For most college students, investing is probably not something that regularly crosses their minds. And yet, now is the best time to start learning. Thanks to the tools we currently have available, young college students like us can start investing in the stock market with very little money. Learning about it now while we are still young will put us ahead of most other people who simply choose to ignore it… and the potential wealth it brings.
Investing in the stock market may seem like a foreign concept to many, but it doesn’t have to be. You can start by learning the basics from a site like Investopedia or the plethora of Youtube videos on the topic. Just spending a few hours learning the bare essentials will allow you to take your first step into the realm of investing. I would not recommend jumping directly into the stock market without doing some research first. Remember, this is your real money that you’re using. If you value it even a little, make sure you understand what the stock market is before you pour money into it.
After getting the basics down, you’re going to need to make an account with a brokerage. Personally, I use Robinhood, which is free, beginner-friendly, and geared toward small investors. To start, all you need to do is download the app and sign up for an account. I don’t have experience with any of the other brokerages, but you may want to choose a different one, depending on your needs.
Now, why should you spend your time doing all of this? Well, for me, there are 3 reasons: as a hobby, to learn and gain experience in the market, and to make money. I assume the one that catches most peoples’ eyes is money. Yes, the basic idea of the stock market is to invest money and hopefully make more money. Besides that, I actually find it fun to do, and I strive to gain experience and knowledge that I can utilize for the rest of my life.
If you’re a broke college student with little money to actually invest, that’s ok. The goal at this stage is to learn and gain experience, not to turn a 5-figure profit. What’s great about many brokerages now is that they offer something called fractional shares. Fractional shares mean that you can own a piece of a company without having to buy one whole share. One share could cost anywhere from pennies to thousands of dollars. It all depends on the company you’re looking at- each has a different price, and it’s always changing. Let’s just say that you’re able to set aside $50 to invest to start. If you look at Apple’s stock price at the end of the day on 10/16/20, it was $119.02. Normally you wouldn’t be able to buy a share of Apple, but with fractional shares, you could buy a piece of one share with your $50. Fractional shares just make investing in large companies more accessible to small investors.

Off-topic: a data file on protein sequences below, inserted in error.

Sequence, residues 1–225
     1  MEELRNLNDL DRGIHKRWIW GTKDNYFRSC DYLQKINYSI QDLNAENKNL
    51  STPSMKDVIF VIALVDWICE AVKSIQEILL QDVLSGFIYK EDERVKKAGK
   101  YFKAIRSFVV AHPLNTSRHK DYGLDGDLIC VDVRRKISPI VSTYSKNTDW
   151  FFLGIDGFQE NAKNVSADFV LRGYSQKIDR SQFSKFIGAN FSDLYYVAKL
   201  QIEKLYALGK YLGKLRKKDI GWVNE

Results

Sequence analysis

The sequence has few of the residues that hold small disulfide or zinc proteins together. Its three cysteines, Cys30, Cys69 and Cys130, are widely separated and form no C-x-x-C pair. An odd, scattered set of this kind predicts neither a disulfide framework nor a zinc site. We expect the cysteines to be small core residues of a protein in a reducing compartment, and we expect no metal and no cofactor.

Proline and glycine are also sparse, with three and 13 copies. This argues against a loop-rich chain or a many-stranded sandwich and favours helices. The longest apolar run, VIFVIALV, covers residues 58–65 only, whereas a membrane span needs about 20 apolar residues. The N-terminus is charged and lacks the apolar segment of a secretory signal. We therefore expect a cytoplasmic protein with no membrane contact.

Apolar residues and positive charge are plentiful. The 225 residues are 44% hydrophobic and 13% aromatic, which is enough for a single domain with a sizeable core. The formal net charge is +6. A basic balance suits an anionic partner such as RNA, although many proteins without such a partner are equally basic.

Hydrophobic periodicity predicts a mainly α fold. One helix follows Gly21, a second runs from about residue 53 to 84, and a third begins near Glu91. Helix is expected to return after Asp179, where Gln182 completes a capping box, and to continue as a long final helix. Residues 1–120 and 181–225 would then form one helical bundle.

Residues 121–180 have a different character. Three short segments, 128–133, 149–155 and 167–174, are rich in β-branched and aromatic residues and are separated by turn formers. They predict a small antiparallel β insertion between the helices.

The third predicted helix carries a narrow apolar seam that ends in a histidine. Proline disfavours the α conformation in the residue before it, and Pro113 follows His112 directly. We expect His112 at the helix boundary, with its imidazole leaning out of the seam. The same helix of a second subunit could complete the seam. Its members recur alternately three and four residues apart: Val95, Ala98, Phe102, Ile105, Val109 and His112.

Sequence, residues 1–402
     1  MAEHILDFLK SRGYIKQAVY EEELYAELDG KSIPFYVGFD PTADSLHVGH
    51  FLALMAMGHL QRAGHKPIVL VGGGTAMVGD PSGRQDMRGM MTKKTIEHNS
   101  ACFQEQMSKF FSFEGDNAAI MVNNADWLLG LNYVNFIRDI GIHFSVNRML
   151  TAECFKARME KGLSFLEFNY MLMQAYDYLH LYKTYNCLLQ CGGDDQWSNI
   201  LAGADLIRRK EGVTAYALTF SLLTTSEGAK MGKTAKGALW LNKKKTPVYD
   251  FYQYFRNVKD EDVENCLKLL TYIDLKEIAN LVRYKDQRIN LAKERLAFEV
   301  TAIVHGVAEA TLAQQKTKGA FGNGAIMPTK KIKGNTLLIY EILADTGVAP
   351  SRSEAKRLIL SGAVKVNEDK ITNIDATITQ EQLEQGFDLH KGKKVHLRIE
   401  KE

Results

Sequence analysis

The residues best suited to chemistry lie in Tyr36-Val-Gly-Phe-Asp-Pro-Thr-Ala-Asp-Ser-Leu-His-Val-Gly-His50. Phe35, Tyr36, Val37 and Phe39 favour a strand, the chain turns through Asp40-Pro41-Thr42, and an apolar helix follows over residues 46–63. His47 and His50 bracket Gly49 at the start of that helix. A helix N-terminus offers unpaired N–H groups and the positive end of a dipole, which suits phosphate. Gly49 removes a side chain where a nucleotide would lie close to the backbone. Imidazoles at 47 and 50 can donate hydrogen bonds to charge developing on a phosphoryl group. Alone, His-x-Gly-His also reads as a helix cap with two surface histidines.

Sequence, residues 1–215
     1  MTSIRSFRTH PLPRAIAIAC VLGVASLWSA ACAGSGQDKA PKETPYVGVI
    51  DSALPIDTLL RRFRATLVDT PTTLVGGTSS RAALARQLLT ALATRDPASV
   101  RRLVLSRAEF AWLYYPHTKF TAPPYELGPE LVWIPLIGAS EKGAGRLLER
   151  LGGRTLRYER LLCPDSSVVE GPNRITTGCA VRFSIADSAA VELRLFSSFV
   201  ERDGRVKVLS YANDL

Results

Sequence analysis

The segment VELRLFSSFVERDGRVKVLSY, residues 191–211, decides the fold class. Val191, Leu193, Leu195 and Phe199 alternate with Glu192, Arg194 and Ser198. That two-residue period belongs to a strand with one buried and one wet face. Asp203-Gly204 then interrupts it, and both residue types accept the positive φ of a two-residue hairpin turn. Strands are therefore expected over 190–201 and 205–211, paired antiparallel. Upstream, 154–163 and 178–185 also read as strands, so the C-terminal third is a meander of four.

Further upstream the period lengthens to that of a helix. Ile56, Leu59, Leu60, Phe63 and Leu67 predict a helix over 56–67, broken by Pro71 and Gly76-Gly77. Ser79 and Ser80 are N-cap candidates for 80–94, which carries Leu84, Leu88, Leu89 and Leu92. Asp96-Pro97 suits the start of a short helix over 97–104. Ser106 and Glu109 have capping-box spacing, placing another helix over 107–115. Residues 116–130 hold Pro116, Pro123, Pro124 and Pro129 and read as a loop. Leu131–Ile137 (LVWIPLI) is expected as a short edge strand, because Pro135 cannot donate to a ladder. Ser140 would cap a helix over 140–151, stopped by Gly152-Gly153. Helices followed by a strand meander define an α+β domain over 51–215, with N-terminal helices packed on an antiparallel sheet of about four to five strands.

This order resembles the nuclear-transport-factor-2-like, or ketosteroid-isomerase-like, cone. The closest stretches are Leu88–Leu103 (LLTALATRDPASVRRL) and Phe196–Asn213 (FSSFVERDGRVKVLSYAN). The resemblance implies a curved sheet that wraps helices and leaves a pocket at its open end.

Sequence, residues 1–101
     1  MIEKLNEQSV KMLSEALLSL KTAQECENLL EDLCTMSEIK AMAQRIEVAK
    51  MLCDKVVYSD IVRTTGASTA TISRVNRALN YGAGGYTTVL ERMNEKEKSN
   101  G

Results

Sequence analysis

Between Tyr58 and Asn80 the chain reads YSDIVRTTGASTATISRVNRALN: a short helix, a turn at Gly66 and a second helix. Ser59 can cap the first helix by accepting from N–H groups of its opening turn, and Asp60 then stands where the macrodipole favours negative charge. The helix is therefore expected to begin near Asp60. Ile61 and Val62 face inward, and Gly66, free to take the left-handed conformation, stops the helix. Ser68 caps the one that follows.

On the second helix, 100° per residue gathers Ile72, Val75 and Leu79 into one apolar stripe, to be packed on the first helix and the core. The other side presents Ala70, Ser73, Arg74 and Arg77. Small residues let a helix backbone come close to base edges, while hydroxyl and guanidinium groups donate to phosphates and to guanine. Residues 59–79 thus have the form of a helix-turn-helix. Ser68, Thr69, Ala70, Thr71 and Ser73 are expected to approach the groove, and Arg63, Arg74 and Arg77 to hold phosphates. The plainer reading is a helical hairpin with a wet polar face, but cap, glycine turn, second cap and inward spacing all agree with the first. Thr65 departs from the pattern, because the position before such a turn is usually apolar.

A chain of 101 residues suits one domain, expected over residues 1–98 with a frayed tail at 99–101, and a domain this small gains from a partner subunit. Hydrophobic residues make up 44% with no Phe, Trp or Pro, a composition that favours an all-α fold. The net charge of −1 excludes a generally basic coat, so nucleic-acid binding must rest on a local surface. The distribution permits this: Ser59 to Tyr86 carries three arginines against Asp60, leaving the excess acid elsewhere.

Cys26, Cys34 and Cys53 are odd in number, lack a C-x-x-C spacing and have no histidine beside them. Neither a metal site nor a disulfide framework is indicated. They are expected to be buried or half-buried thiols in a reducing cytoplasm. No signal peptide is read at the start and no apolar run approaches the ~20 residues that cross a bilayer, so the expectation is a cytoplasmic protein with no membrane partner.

If you don’t want to pursue investing as a hobby or you don’t want to be looking at your account regularly, you could always invest in something safe, like the Vanguard S&P 500 ETF (exchange-traded fund). If you don’t know what that is, don’t worry, I didn’t either before I started. Using this example specifically, the Vanguard S&P 500 ETF is a fund you can buy a share of, just like a regular stock. This fund holds pieces of hundreds of companies, essentially “tracking” the stock market itself. If the market does well in general, this ETF does well. Buying a share of something like this is considered one of the safer plays you can make in the market, and there is a very good chance your money will grow over time just by sitting there, with little effort on your part. My explanation really doesn't do it justice, so again, I recommend researching before you jump in.
I hope this at least got you to think about investing. I really believe that every college student should learn about this, as it will prove useful for the rest of your life. Just don’t buy anything you don’t know about, though. Just because you bought a company's share doesn’t mean that it’s going to go up in value. It could also go down in value, and you could potentially lose money. There is risk involved, but if you play it smart and have an idea of what’s going on, you’ll probably be fine and may make some money. Personally, I don’t want all of my savings just sitting in a bank account, not doing anything. I figure that I may as well make it work for me. As Robert G. Allen said, “How many millionaires do you know who have become wealthy by investing in savings accounts? I rest my case.”
*This is not financial advice, and I’m not a financial advisor.*